Send to

Choose Destination
See comment in PubMed Commons below
J Am Soc Echocardiogr. 2013 Jan;26(1):57-63. doi: 10.1016/j.echo.2012.10.007. Epub 2012 Nov 8.

Myocardial deformation in the fetal single ventricle.

Author information

Division of Pediatric Cardiology, Children's Hospital Colorado, The University of Colorado Medical Center, Aurora, Colorado, USA.



In postnatal life, patients with single ventricle (SV) with morphologic right ventricles have a worse prognosis than those with morphologic left ventricles. The aim of this study was to test the hypotheses that (1) the SV in fetuses with SV has decreased longitudinal strain compared with fetuses with normal cardiac anatomy, and (2) fetuses with SV right ventricular (RV) morphology have decreased strain compared with those with SV left ventricular (LV) morphology.


Fetal echocardiograms with SV RV and SV LV morphology were retrospectively compiled. Postprocessing analysis of the dominant ventricle was done using syngo Velocity Vector Imaging version 2.0. Peak global longitudinal strain (GLS) and global longitudinal strain rate (GL SR) were generated. Both the right and left ventricles were analyzed in fetuses with normal cardiac anatomy for comparison.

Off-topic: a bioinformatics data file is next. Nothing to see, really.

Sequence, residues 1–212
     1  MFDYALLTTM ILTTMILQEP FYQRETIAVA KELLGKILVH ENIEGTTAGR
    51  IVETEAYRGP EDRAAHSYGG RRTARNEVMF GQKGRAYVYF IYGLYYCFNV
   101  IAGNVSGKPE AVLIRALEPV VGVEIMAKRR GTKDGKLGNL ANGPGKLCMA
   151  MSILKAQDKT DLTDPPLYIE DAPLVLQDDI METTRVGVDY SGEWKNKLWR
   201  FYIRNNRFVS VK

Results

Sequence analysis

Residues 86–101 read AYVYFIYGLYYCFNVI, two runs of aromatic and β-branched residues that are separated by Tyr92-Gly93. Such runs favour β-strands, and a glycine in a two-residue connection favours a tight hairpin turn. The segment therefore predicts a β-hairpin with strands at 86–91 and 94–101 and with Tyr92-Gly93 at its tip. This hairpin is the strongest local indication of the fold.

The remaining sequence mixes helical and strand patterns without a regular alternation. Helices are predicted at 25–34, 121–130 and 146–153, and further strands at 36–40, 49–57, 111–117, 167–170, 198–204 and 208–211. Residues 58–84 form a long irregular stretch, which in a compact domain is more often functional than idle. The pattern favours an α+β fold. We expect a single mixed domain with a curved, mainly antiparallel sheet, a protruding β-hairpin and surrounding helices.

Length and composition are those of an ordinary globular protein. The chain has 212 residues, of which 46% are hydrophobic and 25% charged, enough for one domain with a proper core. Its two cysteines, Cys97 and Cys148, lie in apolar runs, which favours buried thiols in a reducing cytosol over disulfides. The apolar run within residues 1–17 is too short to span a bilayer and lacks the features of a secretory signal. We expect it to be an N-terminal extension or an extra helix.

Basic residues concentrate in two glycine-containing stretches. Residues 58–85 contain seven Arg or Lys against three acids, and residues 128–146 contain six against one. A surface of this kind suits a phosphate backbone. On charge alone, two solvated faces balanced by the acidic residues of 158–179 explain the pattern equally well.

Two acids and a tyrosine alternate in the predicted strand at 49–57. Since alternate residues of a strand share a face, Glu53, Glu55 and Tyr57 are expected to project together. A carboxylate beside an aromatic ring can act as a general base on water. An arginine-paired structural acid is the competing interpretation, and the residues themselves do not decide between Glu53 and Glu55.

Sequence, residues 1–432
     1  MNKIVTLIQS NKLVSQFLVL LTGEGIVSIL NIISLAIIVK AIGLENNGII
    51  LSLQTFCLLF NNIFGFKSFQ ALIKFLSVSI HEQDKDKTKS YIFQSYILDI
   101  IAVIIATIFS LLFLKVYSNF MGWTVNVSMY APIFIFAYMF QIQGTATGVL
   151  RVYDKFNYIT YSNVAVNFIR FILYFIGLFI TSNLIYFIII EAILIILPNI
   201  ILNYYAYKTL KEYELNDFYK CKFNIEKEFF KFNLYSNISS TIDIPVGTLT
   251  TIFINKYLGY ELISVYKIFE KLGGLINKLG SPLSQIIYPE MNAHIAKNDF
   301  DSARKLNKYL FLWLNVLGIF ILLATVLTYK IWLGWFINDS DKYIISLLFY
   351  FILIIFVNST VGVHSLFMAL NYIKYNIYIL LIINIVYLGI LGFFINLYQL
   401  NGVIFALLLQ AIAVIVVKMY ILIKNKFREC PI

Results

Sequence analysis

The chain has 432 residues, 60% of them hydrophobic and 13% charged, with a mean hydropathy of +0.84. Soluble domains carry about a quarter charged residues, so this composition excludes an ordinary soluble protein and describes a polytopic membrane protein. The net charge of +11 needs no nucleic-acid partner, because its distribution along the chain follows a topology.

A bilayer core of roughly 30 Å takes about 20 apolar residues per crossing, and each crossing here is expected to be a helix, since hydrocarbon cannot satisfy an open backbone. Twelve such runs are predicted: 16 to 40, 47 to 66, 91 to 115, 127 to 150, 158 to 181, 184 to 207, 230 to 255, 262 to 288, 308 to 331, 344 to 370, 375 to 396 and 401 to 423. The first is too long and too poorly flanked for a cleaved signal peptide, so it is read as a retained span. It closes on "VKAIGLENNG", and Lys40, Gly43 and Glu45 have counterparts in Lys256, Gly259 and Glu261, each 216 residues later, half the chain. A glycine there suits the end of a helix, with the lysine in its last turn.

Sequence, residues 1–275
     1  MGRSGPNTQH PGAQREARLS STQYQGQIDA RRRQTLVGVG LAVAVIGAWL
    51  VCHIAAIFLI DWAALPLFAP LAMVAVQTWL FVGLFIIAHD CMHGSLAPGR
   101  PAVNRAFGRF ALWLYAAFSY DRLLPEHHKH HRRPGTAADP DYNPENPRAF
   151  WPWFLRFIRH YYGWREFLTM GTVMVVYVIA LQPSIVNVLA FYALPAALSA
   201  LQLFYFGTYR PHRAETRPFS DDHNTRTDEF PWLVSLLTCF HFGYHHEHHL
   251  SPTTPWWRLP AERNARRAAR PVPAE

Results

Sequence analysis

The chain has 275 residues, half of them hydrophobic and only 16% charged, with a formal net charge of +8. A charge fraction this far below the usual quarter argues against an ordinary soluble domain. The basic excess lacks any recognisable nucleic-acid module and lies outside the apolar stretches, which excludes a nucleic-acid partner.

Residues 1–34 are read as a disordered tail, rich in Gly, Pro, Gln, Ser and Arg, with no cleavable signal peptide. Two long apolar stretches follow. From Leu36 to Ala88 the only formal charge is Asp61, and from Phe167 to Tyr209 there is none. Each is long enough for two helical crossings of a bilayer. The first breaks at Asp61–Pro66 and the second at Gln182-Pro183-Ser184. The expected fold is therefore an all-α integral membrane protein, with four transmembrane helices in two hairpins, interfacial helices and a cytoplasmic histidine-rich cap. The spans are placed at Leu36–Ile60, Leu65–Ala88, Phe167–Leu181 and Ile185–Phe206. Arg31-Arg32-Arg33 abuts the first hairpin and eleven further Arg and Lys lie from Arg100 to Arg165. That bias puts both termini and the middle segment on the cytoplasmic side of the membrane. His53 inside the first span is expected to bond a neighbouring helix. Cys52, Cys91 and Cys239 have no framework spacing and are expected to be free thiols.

Fifty-four fetuses with SV (18 with LV morphology and 36 with RV morphology) were included in the study and compared with 54 controls matched for gestational age. Global longitudinal strain and GL SR were compared between fetuses with SV and normal fetuses and among SV subsets. When all four categories were compared (normal left ventricle, normal right ventricle, SV left ventricle, and SV right ventricle), there was no difference in GLS (P = .49) or in GL SR (P = .32) between any of the categories.


Comparable GLS and GL SR values between fetal SV of LV or RV morphology, as well as normal fetal left and right ventricles, reflect in utero preservation of systolic function of the SV heart.

[Indexed for MEDLINE]
PubMed Commons home

PubMed Commons

How to join PubMed Commons

    Supplemental Content

    Full text links

    Icon for Elsevier Science
    Loading ...
    Support Center